- The Washington Times - Saturday, January 29, 2005

Heading into his second term, President Bush has earned tremendous political capital he can spend on big goals at home and abroad.

The environment is often overlooked in discussions of Mr. Bush’s domestic agenda. The president has a chance to advance a bold vision for environmental progress under his top policy ideal: the ownership society. Let’s hope he does so.

One bold move that could garner support of conservatives and environmentalists alike would be ending all energy subsidies. This would please conservatives, who decry tax breaks for wasteful spending on costly renewable energy boondoggles, and environmentalists, who claim the fossil fuel industry gets unnecessary and unmerited public support. The government would save money and consumers would decide what fuels will meet their energy needs.

Another energy idea involves exploration. America’s remaining large deposits of oil and natural gas lie under public lands and offshore, which have been put off-limits to oil production due to environmental concerns. Yet oil and gas exploration is not necessarily incompatible with environmental quality.

On public lands that are not wilderness, roadless areas and national parks, environmentally sensitive exploration should at least be an option. And the revenues from oil and gas leases on public lands could help reduce the deficit and/or pay for environmental programs.

Speaking of public lands, Bush administration efforts to allow states more input into forest planning should improve the health of the nation’s public lands by moving to more flexible, site-specific management. In its second term, the administration should go further, allowing states with superior economic and environmental forest performance to take over managing select public lands inside their borders. Congress could give fixed but declining block grants to participating states to help with forest management during the transition.

States would have to be allowed to run the program long enough to counteract environmental damage due to years of federal mismanagement. But any state with improved economic and environmental performance should be granted those forests outright. Unimproved forests could revert to federal management: New experiments could then be tried.

Another change would end federal incentives that lead to environmental harm. A perfect example is the Endangered Species Act (ESA). The ESA has many flaws, but the main one is creating incentives to destroy species and their habitat.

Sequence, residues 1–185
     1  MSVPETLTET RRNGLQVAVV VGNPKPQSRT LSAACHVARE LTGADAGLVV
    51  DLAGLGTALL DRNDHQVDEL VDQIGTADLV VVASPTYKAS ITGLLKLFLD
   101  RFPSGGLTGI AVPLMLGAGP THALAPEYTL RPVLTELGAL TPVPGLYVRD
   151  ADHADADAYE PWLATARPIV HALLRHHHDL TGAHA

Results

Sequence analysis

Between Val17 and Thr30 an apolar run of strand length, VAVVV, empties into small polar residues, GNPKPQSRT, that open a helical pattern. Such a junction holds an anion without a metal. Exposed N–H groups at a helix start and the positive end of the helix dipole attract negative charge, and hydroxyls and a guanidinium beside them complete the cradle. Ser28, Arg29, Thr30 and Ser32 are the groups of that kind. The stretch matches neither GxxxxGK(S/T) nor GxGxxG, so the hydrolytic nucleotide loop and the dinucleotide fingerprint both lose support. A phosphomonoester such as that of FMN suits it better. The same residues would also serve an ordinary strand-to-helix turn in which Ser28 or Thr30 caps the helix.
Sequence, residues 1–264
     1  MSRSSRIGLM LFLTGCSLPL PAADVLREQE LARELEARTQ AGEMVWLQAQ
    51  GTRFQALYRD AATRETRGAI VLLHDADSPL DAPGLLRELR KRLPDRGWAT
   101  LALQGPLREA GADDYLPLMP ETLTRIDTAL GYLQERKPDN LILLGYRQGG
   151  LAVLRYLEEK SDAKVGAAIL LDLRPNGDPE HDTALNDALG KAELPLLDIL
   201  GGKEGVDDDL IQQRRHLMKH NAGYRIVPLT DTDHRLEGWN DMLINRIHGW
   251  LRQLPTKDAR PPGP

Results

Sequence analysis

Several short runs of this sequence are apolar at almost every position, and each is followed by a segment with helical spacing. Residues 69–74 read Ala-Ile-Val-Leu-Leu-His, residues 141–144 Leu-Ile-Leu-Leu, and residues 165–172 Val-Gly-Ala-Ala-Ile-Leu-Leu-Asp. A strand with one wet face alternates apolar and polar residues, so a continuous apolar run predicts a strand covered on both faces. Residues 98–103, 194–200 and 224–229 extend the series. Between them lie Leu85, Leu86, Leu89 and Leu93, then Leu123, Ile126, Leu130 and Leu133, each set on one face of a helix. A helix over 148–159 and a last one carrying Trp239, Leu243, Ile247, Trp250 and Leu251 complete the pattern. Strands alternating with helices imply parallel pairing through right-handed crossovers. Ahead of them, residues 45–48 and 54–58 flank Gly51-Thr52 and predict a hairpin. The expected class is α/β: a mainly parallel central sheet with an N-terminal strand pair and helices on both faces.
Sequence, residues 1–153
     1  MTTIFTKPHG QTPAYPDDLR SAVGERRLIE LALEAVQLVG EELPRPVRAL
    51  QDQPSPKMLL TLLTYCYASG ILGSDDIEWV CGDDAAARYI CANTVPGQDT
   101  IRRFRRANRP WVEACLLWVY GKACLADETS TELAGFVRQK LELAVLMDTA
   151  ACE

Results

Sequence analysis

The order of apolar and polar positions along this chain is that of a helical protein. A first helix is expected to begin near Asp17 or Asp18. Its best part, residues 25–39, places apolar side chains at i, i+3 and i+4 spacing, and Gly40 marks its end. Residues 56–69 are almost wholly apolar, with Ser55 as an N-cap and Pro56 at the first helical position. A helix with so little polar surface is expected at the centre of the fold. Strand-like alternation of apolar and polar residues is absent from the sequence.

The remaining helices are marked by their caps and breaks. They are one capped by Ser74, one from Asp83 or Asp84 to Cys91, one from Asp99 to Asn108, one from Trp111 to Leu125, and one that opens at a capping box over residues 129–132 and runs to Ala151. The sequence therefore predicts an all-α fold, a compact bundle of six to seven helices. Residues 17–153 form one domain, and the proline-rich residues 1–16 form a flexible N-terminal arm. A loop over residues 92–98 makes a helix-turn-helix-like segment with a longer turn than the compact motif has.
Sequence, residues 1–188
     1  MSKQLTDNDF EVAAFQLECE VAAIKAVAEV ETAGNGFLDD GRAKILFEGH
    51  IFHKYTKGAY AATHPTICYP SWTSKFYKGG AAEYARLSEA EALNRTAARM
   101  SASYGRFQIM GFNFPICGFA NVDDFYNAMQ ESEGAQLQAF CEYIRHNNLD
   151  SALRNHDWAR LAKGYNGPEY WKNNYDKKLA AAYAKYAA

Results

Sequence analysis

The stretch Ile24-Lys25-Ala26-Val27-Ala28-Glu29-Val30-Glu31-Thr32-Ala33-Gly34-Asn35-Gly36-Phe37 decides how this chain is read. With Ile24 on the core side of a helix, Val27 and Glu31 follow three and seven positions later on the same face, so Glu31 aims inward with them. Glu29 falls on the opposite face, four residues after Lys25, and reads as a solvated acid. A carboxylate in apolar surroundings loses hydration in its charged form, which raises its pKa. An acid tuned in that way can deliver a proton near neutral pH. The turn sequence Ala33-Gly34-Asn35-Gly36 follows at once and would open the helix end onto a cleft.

For example, more than 75 percent of the listed species depend on private land for all or part of their required habitat. Yet property owners who provide the species a suitable habitat are subject to severe regulation, if not outright confiscation.

The property’s owner should be compensated when the government imposes land-use restrictions on private property in order to preserve species — as is done when private land is taken any other public purpose.

The Bush administration could go further and pay “bounties” to property owners who manage their lands so endangered species are encouraged to take up residence there. Compensation or bounties could come from the revenues from energy production on public lands.

Another example of government action encouraging repeated environmental harm is agriculture subsidies, which cost the taxpayer billions of dollars annually. Subsidies lead to overproduced crops, which depress product prices, keeping many farmers in nearly perpetual dependence.

The subsidies are environmentally disastrous, encouraging farmers to press marginal, environmentally valuable lands into crop production and to overuse pesticides and fertilizers to increase crop yields.

While environmental policy is unlikely to figure prominently in President Bush’s State of the Union speech, an improved environment could be part of the lasting Bush legacy.

Each proposal above would protect the environment and cut government spending, while returning authority and responsibility for natural resource decisions to those most directly affected by environmental management.

Improving the incentives for natural resource users and managers is critical to a healthy environment.

H. Sterling Burnett is senior fellow at the National Center for Policy Analysis.



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